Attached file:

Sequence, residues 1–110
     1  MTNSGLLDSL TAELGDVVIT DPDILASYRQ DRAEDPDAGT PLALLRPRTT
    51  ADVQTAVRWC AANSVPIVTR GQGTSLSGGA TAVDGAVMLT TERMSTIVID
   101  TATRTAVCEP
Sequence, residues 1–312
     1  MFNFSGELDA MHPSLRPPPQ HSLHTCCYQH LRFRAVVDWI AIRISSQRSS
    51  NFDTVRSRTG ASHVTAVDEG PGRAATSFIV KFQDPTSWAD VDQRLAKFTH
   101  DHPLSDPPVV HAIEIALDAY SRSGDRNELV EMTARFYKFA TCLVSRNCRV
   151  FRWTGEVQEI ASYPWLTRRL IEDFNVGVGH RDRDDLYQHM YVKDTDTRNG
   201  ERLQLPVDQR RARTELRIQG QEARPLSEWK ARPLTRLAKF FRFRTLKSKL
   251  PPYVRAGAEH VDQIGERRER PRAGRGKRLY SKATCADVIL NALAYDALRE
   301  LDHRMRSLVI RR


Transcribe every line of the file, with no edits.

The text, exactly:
Sequence, residues 1–110
     1  MTNSGLLDSL TAELGDVVIT DPDILASYRQ DRAEDPDAGT PLALLRPRTT
    51  ADVQTAVRWC AANSVPIVTR GQGTSLSGGA TAVDGAVMLT TERMSTIVID
   101  TATRTAVCEP
Sequence, residues 1–312
     1  MFNFSGELDA MHPSLRPPPQ HSLHTCCYQH LRFRAVVDWI AIRISSQRSS
    51  NFDTVRSRTG ASHVTAVDEG PGRAATSFIV KFQDPTSWAD VDQRLAKFTH
   101  DHPLSDPPVV HAIEIALDAY SRSGDRNELV EMTARFYKFA TCLVSRNCRV
   151  FRWTGEVQEI ASYPWLTRRL IEDFNVGVGH RDRDDLYQHM YVKDTDTRNG
   201  ERLQLPVDQR RARTELRIQG QEARPLSEWK ARPLTRLAKF FRFRTLKSKL
   251  PPYVRAGAEH VDQIGERRER PRAGRGKRLY SKATCADVIL NALAYDALRE
   301  LDHRMRSLVI RR